3. This post makes me so sad. I have heard from so many bloggers that Laos is a really wonderful place to visit, the people so friendly and kind… but with tourists behaving like savages, I really wonder how long it will be able to maintain its friendliness before the local people become jaded and frustrated. This alms-giving ceremony is one I would normally love to witness, but you are the third blogger in the past month who has written about what a circus it has become and I really don’t think it’s something I could tacitly endorse by attending.

    • Alex
      July 30, 2012

      The good thing about alms ceremonies is you can see them anywhere in Lao/Thailand/Cambodia . Wake up in any town and go to the market places and you’ll be able to have that cultural experience. Don’t be discouraged!

  4. Tiffany @ theUnimaginedLife
    July 29, 2012

    It seems like I’ve read so many posts about this exact same thing recently..it must be getting awful…How sad :(

  5. Alison
    July 29, 2012

    Ahh, rude, inconsiderate people like this irritate the hell out of me! I would have been mortified witnessing this kind of behaviour.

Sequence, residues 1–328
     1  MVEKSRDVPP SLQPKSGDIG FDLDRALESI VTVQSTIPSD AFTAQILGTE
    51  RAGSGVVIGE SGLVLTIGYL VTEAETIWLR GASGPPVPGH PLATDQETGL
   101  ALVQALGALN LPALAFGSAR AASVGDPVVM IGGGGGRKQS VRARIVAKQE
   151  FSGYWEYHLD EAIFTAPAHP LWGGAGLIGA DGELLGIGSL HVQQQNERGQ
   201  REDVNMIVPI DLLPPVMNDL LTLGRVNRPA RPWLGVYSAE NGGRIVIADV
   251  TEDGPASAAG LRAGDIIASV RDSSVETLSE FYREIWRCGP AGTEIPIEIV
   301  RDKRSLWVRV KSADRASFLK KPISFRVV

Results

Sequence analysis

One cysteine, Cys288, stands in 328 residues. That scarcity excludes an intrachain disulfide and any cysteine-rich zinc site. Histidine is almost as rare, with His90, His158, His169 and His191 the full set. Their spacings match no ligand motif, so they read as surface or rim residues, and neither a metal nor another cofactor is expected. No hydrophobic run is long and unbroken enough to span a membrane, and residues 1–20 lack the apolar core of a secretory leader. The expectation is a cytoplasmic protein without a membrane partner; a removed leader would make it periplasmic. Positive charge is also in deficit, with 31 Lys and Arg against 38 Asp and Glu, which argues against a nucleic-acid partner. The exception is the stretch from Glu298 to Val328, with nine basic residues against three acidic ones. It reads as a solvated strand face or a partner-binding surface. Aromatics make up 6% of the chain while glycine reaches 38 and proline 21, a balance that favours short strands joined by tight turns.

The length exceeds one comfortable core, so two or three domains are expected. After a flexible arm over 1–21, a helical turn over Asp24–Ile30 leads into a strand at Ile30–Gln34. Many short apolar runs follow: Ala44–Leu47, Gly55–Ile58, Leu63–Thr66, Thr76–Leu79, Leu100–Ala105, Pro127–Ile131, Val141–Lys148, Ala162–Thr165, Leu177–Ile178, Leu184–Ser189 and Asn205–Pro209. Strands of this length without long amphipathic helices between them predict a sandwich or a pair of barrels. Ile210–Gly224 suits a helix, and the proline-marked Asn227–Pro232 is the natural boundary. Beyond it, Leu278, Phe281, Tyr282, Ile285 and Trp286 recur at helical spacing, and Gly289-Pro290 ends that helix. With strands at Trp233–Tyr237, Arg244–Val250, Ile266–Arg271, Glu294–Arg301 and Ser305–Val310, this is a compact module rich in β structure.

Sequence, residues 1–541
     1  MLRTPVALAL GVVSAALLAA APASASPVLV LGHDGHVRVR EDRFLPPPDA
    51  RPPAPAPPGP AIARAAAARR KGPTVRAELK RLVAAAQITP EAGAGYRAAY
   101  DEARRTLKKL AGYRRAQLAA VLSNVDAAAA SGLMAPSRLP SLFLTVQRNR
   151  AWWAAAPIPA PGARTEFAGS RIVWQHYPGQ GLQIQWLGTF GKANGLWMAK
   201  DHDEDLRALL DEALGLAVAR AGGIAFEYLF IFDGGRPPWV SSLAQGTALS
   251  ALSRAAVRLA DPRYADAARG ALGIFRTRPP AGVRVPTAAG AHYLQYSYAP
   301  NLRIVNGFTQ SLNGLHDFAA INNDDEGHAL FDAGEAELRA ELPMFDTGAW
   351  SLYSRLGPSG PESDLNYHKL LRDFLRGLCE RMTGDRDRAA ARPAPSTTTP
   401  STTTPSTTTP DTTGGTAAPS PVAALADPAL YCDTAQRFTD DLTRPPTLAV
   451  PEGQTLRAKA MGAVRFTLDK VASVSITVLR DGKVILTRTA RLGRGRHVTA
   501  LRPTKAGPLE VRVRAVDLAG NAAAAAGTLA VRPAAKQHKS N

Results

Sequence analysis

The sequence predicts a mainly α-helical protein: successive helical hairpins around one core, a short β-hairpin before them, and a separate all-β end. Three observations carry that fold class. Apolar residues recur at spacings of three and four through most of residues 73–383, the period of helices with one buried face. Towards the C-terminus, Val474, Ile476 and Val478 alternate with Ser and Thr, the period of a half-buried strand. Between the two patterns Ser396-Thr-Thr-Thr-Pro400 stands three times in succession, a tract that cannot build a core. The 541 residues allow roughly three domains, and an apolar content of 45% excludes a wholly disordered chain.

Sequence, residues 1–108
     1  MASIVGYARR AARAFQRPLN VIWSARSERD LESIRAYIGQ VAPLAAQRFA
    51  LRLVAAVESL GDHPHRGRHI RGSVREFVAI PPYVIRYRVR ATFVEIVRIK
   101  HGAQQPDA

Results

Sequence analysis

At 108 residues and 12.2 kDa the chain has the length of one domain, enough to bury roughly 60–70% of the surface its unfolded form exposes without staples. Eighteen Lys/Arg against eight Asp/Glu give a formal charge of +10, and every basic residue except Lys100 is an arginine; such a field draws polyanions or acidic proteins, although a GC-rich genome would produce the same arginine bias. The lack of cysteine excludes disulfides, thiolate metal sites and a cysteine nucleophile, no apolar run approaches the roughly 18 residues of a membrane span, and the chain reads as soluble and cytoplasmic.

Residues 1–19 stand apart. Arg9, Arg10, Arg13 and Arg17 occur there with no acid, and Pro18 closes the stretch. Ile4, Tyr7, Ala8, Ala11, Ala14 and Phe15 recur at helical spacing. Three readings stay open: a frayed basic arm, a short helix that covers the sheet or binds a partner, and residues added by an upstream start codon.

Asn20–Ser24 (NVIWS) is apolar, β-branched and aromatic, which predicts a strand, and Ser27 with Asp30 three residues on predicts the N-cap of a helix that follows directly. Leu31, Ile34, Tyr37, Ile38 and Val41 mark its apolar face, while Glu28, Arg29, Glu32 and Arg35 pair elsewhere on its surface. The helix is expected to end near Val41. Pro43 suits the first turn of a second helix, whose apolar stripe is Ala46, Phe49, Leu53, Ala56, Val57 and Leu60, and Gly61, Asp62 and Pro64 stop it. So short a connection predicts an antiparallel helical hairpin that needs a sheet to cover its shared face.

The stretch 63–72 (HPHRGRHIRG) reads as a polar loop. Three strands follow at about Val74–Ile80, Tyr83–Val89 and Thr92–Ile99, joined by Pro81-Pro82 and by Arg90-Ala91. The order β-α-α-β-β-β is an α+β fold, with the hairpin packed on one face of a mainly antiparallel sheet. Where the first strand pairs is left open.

6. Drew
    July 29, 2012

    They’re everywhere, unfortunately. It seems that some travelers apply different rules when they’re abroad, and the less developed the place, the worse it gets. In addition to lack of courtesy, the “debaucherous instinct” of some people slips unnoticed through customs.

  7. Beverley
    July 30, 2012

    Oh God, that sounds awful. It makes me so angry and sad that people can be so disrespectful to other cultures.

    When we were in Surfers Paradise a couple of years ago we took a day trip to Byron Bay on a small shuttle bus.

    On the way back to Surfers we got stuck in traffic on the motorway, apparently there’d been a massive car accident up ahead.

    When our bus finally crawled past the accident scene, I couldn’t believe how much of a wreck both cars were.

    What was even more unbelievable was the young chinese tourists snapping away with their cameras, taking pictures of the mangled car, police and fire services.

    I was thinking “something might have just DIED in there, you can’t take photos of that!!!”